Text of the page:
Researchers at Amazon are now converging on a new voice recognition training method and algorithmic model that should grow the capabilities of AI to include those requiring accurate recognition of emotional cues in a user's voice.
The new method involves the use of public data sets, labeled according to "valence, activation, and dominance." The former of those attributes is a commonly recognized measure of the positive or negative connotations in speech while "dominance" could be loosely defined as the intensity of the emotion in the same or how "in control" the speaker feels. Activation refers to whether the speaker is engaged or interacting passively.
The results of the proposed training method, now presented via an IEEE publication, are intriguing, if not groundbreaking. While some AI methods for training emotion recognition are already established, the new method utilizes an adversarial autoencoder and has proven to be significantly more accurate.
Tests conducted using inputs with sentence-level feature vectors showed emotion recognition accuracy improvements, in terms of valence, of around 3-percent compared to conventional methods. Shortening inputs to a sequence of vectors that were representative of acoustic characteristics pulled from 20-millisecond audio snippets showed an improvement of 4-percent.
No human assistance required
As described by Amazon, the utilization of an adversarial autoencoder — an encoder-decoder neural network that learns to produce compact representations of input — is an important part of the new methodology.
The first phase of the process involves sending in data without labels while the second step of the process uses adversarial training. Effectively, that's to create a compact representation of the input that is explicitly dedicated to the emotional state recognition and fine-tuned in further representations by feeding things through adversarial discriminators.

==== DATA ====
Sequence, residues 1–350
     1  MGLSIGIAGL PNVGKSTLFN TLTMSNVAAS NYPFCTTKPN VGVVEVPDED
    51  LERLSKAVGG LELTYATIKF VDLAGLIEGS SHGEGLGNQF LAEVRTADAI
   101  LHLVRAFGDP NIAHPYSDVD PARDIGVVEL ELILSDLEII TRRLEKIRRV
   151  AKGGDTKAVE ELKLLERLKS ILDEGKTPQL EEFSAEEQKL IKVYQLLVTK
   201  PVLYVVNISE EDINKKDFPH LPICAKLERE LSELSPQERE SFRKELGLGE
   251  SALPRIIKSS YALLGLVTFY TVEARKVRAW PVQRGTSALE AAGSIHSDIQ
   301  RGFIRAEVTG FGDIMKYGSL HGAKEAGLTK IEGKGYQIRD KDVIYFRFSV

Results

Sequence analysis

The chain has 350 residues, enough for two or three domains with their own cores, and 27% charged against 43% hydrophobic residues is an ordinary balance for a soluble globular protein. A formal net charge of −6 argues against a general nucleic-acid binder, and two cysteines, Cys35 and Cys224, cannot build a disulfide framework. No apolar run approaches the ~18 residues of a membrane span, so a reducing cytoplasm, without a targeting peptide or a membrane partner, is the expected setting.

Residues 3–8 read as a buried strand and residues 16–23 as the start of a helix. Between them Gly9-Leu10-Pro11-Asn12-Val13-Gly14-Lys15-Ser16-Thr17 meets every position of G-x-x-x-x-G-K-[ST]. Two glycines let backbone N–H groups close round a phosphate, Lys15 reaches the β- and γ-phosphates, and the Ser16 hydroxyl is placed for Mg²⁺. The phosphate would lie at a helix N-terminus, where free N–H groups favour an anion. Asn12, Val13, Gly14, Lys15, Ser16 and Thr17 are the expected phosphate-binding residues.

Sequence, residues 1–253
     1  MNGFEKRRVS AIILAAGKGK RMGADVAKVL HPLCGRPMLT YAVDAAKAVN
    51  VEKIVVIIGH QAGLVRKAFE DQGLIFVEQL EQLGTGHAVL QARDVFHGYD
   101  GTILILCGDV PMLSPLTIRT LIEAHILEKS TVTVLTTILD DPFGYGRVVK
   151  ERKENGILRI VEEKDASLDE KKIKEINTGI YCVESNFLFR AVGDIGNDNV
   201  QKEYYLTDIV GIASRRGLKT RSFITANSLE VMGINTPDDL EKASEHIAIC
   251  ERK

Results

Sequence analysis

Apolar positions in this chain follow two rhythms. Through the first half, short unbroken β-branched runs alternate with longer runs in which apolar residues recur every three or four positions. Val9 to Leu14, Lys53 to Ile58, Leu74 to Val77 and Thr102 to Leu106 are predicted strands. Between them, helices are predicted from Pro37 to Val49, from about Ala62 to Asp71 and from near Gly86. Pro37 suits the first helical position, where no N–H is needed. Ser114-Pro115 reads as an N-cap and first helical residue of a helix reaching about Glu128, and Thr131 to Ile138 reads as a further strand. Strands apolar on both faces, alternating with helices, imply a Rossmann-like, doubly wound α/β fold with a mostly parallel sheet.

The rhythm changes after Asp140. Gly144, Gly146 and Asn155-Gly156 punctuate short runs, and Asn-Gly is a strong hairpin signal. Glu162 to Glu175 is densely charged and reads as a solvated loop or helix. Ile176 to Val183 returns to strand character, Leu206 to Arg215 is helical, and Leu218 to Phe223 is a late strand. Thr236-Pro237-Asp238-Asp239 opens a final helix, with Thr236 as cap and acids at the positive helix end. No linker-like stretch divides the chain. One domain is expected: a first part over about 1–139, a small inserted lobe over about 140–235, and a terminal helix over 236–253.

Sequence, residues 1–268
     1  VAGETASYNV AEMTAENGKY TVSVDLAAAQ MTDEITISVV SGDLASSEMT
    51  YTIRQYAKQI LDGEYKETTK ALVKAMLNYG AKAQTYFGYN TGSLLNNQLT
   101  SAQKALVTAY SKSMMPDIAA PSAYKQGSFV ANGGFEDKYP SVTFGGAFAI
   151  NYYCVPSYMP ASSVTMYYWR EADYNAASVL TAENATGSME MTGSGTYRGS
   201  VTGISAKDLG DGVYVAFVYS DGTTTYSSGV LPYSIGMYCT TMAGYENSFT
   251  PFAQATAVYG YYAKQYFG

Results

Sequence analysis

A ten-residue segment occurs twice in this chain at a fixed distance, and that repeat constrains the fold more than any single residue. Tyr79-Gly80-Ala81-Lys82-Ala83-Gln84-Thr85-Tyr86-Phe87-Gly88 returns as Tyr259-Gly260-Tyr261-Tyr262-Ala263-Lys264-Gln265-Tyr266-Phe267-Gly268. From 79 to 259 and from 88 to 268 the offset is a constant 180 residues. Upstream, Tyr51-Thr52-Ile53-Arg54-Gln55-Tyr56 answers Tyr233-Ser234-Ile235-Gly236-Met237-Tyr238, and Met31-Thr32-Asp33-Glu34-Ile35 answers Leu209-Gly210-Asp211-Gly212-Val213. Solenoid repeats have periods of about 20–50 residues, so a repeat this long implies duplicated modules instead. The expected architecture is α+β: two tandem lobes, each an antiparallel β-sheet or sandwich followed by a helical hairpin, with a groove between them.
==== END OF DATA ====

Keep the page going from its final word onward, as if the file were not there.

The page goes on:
Adversarial discriminators attempt to differentiate between real data produced by the encoder as compared to probability distributions, ensuring the final model isn't too narrowly trained and doesn't rely too much on statistical probabilities.
Finally, the tuning is tested to ensure it is accurately predicting emotions by testing it to predict the labels of the training data. The entire process is repeated until an appropriately accurate AI model is found.
The biggest takeaway from the new method is that it doesn't seem to require "hand-engineered features" and it certainly doesn't require any outside input beyond the data sets. In the test case in question, a data set comprised of 10,000 voice recordings from 10 different speakers was used. In other words, it relies entirely on the neural network rather than hand-labeled data sets based on a known emotional state.
That should come as a relief to privacy advocates, following several controversies centered on Amazon's use of real human helpers to assist its AI and gauge the performance of its Alexa AI assistant. It also means that the accuracy isn't dependant on methods that could be riddled with human error due to guessing or having to be told about the emotional state of speakers in the training data sets.
Looking beyond the science and methodology behind the improvements, there are several fairly considerable implications stemming from better recognition of emotional states for AI. Although the method will almost certainly be applied to Amazon Alexa at some point in the near future, the implications extend far beyond the company's own uses to other artificial intelligence implementations too.
Amazon's own examples include everything from health monitoring to just making conversational AI better. In terms of AI assistants such as Amazon Alexa, it could assist in adding some context to complaints or feedback too.
Taking the first of the company's examples, for instance, chatbots already exist that are explicitly designed to help people suffering from complex emotional issues. The new AI training method could potentially be utilized to ensure those implementations can recognize and better respond to real emotional states. Conversely, the method could train AI for use in a hospital or clinical environment to help practitioners better gauge how patients are engaged emotionally. Services could be altered to give those patients a more comprehensive level of care.